Progress has been made in the inclusion of sociology in medical science. In 2015, the MCAT, a required exam for those who are applying to medical school, included a section on social and behavioral sciences (“MCAT and Sociology 4). The promise of a change in the MCAT prompted pre-med programs to include one or two introductory sociology or psychology classes in their lists of required courses (Rosentha 2 es, medical schools are now more open to applicants with diverse educational backgrounds, as long as they also have the science coursework (Murph 9). The inclusion of students from many fields of study can only improve the field of medical research by bringing a variety of backgrounds and approaches to problems and preparing students early for the potential for interdisciplinary collaboration, just as Guerrero et al. recommend.
In 2005, Russell Sawa wrote about cases — some successful and others not — where he collaborated in interdisciplinary research as a physician. In one case, he and others from many different disciplines prepared papers for a symposium while holding regular phone conferences during the three years leading up to the symposium. Each of their papers was well-received at the symposium and Sawa credits the success of this case to the trust he and his colleagues built over time and the deep level at which they shared with each other. Other cases ended with an imbalance of power or a disagreement of basic philosophies. Sawa observed several of his colleagues hold firmly to the belief that empirical methods were superior to all others. Because of this, Sawa calls for more dialogue and understanding between physicians and the nursing profession, which he says embraces “holistic theories of health care” (55). He further recommends that medicine shift toward a more patient-centered approach, where physicians “get rid of preconceptions and judgments” (59), admitting that this would be difficult to achieve but stating that it is ultimately essential.
While interdisciplinary medical research is not necessarily commonplace, that is not to say that it does not happen. Nancy Krieger and Elizabeth Fee (1996) explored the intersections of race and sex in medical science and concluded that it is impossible to generalize any medical condition based on sex or race because the variation is too great. For example, they found the risk for hypertension to be so varied between men and women of different races and ethnicities that women from one country have higher risks than men from another, even though the risk for hypertension in women is generally lower than en. Observing the rates of certain forms of cancer reveals that women of lower social classes have higher rates of cervical cancer, while women of higher social classes have higher rates of breast cancer (Krieger and Fee 6). All of these conclusions point to the idea that human bodies do not exist in a vacuum. We are all influenced by our environment, literally, by chemical and radiation exposure, but also sociologically, by issues such as financial stress and racism. Medical research into the causes and presentations of diseases must not only look into the physiology, but also the social factors.
When considering endometriosis in particular, it is important to take all social factors into account. One study found higher rates of endometriosis and endometriosis-related infertility in people of a higher social class (Matorras et al 5). However, considering how difficult it is for women to be diagnosed with endometriosis, it is much more likely that this statistic comes from the women who are able to see a doctor about health issues and who continue to pursue a diagnosis when they fail to get one, something women of a lower social class are not always able to do.
In order to combat the male-as-norm in biology classes and medical school, textbook authors and editors need to be diligent in depicting female bodies as much as they do male bodies. However, while anatomy textbooks are still unbalanced in their depiction of female and male bodies, social media can step in. At a time when discussing issues related to the female reproductive system is still discouraged, people may not always be comfortable discussing them in person. However, a precipitating event has the potential to push someone over the edge, so to speak, and people will take to social media to vent their frustrations (Betton et al. ). This leads to awareness campaigns like #1in10, where people can learn about an illness like endometriosis without being subjected to the stigma attached to talking about menstrual problems. People on social media, like Lara Parker, then, can provide that knowledge until the more traditional modes of learning, i.e. textbooks, can catch up.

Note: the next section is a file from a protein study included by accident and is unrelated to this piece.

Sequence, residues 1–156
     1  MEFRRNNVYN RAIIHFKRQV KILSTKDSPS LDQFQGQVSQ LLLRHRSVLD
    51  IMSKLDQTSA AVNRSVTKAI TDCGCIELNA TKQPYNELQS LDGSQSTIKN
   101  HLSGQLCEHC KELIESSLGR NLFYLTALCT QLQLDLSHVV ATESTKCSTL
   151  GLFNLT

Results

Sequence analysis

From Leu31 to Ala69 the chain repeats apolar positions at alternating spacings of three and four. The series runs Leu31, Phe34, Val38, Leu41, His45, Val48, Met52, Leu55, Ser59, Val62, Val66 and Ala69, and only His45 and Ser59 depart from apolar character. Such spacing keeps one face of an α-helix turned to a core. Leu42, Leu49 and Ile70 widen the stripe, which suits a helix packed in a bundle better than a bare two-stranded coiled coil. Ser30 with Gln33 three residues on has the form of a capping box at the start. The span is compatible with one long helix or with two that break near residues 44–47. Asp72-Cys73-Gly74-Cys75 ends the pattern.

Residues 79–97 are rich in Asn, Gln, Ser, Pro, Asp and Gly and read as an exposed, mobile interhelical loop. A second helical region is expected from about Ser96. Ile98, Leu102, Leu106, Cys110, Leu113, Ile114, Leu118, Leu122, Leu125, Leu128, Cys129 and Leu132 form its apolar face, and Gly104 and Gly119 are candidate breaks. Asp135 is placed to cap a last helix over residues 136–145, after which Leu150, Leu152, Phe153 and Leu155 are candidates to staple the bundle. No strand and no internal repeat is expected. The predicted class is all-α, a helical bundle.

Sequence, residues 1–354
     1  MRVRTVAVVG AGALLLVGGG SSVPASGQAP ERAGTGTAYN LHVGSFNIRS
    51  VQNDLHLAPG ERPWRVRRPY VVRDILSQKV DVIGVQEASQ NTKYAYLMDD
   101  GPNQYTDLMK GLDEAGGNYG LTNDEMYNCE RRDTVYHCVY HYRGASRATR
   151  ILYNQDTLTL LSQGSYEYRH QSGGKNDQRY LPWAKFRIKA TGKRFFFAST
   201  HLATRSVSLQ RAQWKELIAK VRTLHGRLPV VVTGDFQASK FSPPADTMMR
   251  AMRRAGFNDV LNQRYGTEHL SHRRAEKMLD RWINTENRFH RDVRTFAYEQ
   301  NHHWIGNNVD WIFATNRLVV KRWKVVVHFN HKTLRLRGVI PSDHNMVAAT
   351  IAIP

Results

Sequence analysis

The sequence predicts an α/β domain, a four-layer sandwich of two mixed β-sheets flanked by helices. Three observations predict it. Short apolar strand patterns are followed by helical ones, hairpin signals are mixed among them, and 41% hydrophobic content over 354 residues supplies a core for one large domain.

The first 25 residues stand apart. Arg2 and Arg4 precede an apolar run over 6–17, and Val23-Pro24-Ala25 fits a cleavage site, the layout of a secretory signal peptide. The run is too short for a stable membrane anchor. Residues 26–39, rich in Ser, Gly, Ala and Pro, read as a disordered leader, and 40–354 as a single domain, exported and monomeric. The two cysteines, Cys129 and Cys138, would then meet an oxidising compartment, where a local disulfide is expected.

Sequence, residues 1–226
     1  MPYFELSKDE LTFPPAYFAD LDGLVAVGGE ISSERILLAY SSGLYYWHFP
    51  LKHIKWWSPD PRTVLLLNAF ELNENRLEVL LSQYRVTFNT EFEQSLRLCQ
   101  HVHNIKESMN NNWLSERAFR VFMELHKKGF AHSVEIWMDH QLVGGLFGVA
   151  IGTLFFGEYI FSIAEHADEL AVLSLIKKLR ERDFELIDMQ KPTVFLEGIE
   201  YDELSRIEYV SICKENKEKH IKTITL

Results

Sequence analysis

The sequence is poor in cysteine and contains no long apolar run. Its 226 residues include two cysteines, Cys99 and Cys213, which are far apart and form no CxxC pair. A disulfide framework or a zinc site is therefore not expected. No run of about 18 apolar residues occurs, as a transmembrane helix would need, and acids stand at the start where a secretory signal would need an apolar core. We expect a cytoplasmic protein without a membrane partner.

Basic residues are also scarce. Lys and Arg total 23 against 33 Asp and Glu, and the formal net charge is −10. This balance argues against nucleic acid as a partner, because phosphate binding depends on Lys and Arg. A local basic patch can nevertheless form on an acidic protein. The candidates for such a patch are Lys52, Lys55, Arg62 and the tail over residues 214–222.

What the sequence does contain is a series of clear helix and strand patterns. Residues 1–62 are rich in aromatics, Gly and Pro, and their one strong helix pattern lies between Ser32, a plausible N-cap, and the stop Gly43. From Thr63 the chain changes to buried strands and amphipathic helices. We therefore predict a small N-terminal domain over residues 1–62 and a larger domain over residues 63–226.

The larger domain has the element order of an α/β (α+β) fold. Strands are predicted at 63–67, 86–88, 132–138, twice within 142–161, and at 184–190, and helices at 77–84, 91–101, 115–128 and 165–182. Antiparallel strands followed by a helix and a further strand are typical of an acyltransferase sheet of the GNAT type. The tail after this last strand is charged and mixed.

Social media has the potential to let the voices of women who have endometriosis be heard by everyone. Something as simple as listening to the patients themselves can do wonders, and yet even physicians who are sympathetic to the bias against women in medical research can come to conclusions without hearing the opinions of those women. John Smith is a male gynecologist who wrote a book in 1992 detailing the mistreatment of women with regards to reproductive health. It is, generally, very necessary for a male doctor to call out his colleagues when they do not take a woman seriously, but even Smith makes assumptions without actually speaking to patients. One of his examples of the “mistreatment” of women is that 90% of the hysterectomies performed in 1991 were elective procedures and, in his opinion, half of those were unjustified. It is almost as if the idea that these women had their own reasons to choose, of their own accord, to have hysterectomies even when it was not medically necessary — i.e. choosing to have hysterectomies to eliminate pelvic pain or heavy bleeding, instead of requiring them to treat cancer — never occurred to him at all. If this male doctor had spoken to any of those patients himself, he may have changed his opinion.
There is no single field that encompasses all aspects of endometriosis. Many disciplines have their own perspectives on the disease, and each addresses only a fragment of its causes or consequences. To properly consider all aspects of endometriosis will require communication between physicians and psychologists, as well as feminist theorists, historians, anthropologists, and communications specialists. This is especially true for the effects of endometriosis in subpopulations such as transgender and intersex people. Furthermore there are still plenty of medical issues surrounding the female reproductive system, such as polycystic ovary syndrome and vaginismus, that would benefit from the same interdisciplinary approach as the one discussed here for endometriosis.
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Musculoskeletal Diagrams of Women and Men
Figure 1: One of the many diagrams of the male musculoskeletal system that is labeled as “human”
Figure 2: Musculoskeletal diagram that specifies it is a female body, complete with bizarrely sexy pose